Oscilloscope refurbishment


Hi VHS! Ages ago you guys donated a defunct oscilloscope to us here at FVMS. It was a mid-90’s Techtronic 500 MHz with 4 channels. It’s sat for quite a while, but one of our members (Mike) tore it down, cleaned and re-capped the whole thing.

It’s running really well now but now we’re looking at calibrating it. Would you happen to have a copy of the software that originally came with it ( I know this is probably highly unlikely, but I thought I’d check with you first). Also, do you have a GPIB cable compatible with an older Techtronic? I’ll post the model# on my next post as I don’t have the scope infront of me.



Hey Jason!

I think I remember that scope, I’m stoked that you’re getting use out of it!

I don’t think we ever had any documentation or cables. Or at least, I never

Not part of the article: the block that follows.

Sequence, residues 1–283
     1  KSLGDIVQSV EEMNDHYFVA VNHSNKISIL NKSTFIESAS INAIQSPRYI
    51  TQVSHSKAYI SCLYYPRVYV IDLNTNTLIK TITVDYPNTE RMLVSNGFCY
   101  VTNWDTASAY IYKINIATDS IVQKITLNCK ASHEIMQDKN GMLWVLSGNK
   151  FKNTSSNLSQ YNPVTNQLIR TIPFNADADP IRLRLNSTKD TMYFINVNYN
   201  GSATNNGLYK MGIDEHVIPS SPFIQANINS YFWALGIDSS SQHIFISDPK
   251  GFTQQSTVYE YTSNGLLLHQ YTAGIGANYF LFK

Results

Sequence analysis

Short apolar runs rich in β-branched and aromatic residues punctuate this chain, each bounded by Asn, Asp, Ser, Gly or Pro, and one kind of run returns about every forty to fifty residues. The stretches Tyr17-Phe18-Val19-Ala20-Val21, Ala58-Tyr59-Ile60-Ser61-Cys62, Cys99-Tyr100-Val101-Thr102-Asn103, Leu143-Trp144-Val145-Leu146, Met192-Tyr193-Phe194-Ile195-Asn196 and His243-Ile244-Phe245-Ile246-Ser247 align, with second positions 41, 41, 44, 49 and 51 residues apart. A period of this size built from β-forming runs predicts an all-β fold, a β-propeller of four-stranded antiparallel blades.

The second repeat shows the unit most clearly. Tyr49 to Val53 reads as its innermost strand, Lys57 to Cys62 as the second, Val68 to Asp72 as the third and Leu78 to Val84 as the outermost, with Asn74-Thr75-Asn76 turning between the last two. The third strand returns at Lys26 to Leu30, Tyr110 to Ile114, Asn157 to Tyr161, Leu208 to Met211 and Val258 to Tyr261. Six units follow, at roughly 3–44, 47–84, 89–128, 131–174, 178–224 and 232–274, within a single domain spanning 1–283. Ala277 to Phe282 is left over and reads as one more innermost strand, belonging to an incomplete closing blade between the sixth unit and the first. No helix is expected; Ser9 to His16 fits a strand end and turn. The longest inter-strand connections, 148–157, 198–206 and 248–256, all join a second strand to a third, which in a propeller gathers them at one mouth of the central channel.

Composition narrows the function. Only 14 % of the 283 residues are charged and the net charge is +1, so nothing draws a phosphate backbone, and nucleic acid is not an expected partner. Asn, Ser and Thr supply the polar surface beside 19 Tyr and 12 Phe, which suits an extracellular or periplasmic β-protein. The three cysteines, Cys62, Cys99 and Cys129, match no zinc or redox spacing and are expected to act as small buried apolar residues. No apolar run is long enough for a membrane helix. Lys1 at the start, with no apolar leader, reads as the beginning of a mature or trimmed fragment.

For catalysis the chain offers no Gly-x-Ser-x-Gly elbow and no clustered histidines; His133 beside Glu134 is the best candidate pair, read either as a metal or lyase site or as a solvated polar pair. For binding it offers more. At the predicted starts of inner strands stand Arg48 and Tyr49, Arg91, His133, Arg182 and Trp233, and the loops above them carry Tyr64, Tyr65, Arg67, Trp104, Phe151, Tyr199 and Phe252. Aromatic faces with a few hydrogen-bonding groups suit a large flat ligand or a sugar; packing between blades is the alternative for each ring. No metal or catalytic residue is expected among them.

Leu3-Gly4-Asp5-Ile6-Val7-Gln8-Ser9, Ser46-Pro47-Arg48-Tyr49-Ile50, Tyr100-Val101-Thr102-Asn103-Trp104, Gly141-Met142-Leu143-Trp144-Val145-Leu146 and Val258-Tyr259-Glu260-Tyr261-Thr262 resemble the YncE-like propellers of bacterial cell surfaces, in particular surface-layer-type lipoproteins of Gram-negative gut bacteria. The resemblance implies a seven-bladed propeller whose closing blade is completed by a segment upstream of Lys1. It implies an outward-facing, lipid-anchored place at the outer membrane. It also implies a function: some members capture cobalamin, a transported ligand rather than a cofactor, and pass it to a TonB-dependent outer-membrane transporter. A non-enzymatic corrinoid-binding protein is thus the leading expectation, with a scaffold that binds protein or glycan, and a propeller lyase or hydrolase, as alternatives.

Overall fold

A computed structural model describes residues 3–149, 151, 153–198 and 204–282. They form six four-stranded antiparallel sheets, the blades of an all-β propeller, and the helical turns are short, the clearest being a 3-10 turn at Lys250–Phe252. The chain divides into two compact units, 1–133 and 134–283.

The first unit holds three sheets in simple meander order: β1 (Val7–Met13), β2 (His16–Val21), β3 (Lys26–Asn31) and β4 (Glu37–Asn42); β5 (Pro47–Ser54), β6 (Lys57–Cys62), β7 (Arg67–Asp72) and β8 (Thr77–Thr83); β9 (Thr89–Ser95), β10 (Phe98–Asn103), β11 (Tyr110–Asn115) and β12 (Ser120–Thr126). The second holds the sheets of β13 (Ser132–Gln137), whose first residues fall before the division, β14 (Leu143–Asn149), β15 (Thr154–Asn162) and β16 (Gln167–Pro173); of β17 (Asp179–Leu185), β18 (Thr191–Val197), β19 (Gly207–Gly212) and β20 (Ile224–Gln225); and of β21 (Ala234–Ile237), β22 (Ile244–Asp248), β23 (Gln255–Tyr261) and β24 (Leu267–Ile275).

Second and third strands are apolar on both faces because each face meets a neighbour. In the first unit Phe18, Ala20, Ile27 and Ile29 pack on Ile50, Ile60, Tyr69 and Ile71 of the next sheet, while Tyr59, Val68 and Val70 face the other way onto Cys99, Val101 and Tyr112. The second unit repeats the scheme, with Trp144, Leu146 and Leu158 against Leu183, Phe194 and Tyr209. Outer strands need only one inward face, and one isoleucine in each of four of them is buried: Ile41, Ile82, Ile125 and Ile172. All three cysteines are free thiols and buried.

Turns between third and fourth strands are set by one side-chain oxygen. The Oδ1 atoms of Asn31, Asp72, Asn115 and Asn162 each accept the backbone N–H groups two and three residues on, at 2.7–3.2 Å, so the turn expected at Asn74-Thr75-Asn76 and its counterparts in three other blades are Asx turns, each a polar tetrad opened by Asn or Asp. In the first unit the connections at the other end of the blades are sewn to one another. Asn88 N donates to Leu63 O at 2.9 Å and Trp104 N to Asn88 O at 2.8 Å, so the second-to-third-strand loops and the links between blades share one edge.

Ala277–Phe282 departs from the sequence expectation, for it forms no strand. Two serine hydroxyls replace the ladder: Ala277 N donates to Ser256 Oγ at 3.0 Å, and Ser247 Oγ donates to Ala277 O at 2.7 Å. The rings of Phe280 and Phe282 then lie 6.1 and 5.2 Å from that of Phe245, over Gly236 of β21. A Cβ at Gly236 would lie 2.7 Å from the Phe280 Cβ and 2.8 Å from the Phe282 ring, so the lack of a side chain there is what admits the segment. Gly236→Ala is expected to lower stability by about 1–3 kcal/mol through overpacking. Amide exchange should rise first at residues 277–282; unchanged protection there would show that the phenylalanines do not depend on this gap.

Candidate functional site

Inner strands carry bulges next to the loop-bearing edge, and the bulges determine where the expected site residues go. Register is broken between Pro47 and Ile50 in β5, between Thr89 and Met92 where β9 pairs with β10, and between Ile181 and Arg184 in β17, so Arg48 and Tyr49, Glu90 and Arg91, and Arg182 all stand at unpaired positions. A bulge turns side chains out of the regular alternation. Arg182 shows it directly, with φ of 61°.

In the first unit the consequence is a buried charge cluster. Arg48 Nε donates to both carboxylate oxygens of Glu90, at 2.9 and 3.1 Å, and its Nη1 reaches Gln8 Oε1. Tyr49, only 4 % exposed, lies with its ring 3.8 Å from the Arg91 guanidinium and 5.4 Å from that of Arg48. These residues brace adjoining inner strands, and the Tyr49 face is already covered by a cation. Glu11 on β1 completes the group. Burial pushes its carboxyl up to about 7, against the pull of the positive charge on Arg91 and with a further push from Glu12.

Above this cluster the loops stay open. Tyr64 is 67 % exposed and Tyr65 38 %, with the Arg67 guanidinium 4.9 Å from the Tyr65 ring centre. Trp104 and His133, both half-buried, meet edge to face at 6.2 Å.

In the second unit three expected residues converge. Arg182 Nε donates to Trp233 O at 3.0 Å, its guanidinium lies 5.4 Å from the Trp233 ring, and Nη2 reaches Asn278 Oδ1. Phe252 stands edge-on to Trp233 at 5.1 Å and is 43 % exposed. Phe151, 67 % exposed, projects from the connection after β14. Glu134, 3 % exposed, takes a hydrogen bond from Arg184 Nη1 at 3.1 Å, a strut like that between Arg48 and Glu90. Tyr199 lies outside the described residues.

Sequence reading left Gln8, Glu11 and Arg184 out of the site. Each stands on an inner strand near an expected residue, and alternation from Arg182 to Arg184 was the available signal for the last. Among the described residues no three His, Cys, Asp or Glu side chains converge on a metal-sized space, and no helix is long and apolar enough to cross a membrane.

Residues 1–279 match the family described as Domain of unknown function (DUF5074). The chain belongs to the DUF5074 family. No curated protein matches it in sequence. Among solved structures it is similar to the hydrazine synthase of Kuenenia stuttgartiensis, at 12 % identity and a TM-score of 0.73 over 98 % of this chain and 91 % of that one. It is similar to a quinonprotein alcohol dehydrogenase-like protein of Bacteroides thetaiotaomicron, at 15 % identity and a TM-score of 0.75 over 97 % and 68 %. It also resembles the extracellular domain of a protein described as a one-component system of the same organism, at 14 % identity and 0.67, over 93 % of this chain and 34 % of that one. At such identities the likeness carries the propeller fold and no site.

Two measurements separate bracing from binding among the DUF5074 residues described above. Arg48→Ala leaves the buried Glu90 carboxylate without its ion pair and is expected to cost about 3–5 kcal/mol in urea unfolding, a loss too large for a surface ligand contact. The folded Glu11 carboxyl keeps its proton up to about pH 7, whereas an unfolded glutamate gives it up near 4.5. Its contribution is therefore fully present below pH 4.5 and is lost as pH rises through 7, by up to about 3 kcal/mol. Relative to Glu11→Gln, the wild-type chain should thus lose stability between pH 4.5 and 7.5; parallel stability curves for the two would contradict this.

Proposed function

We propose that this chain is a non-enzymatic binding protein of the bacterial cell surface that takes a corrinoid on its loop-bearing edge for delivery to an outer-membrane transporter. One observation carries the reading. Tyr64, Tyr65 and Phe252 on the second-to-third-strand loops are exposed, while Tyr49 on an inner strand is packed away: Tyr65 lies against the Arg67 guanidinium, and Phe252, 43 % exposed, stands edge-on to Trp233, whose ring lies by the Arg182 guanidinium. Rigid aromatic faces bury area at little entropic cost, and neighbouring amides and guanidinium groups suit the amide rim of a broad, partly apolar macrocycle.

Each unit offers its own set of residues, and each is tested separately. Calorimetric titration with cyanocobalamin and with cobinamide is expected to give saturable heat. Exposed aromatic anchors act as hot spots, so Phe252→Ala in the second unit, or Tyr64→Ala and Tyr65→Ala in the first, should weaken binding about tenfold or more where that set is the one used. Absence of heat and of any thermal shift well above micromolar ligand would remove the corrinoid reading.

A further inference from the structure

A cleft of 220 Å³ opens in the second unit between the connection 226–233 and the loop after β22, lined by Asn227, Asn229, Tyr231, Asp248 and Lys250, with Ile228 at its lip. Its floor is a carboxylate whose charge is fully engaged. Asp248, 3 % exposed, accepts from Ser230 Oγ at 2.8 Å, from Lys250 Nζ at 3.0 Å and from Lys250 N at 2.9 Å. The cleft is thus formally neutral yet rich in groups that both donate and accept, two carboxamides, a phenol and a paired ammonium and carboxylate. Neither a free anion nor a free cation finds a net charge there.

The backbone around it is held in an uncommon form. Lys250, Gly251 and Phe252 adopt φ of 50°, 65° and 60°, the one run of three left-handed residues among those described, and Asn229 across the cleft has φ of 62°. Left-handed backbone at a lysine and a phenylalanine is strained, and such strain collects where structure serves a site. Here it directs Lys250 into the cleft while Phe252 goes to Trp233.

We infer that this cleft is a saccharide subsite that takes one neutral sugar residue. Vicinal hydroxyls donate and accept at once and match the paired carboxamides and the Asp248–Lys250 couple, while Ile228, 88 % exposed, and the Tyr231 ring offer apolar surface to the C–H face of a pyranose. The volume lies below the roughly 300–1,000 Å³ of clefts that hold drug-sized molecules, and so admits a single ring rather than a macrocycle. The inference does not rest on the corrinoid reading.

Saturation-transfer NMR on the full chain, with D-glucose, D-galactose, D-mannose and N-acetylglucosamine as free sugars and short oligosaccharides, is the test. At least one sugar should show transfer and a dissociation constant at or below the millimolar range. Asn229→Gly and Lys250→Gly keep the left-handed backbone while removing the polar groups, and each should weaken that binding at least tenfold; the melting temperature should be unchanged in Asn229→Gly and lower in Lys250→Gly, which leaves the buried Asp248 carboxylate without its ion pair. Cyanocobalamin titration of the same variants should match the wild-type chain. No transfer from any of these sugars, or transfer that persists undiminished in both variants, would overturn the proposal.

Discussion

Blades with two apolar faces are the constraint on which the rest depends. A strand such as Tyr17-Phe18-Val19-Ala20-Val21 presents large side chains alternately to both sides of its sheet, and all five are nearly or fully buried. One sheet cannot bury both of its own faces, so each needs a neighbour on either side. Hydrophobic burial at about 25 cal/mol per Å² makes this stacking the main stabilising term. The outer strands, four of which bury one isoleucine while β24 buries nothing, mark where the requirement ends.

saw any :frowning:


So we’re making our own GPIB using an Arduino, and we’ve been able to make due without the original software, but we have one more request. Does anyone at VHS have access to a EPROM DIP package-compatible programmer? The only Eprom burner we’ve got is for Atmel 328 style chips, and we need something that can burn an DS1650Y NVSRAM chip.



That sounds like something @SDY might have, or some of the ARC people


I’ll pull a unit I have and send you the model Humber for you to verify that it would do the trick. Then, The software would have to be downloaded to your PC (the manuf still let legacy software to be downloaded for free!). And then I’ll drop it off and we can try it out and see if it works…
Back to you later this morning.


PILOT-U44 Plus, Universal Programmer, manufactured by Advin Systems Inc., Sunnyvale, California, USA. No optional add-on modules, the socket for the device to be programmed is a zif40 pins. This programmer uses the parallel port (DB-25) for computer communications.

I remember downloading the software but not trying it out. See if you can find the software, because I vaguely remember that at the same location on the net it gave you the devices it was able to program (gazillions of 'em).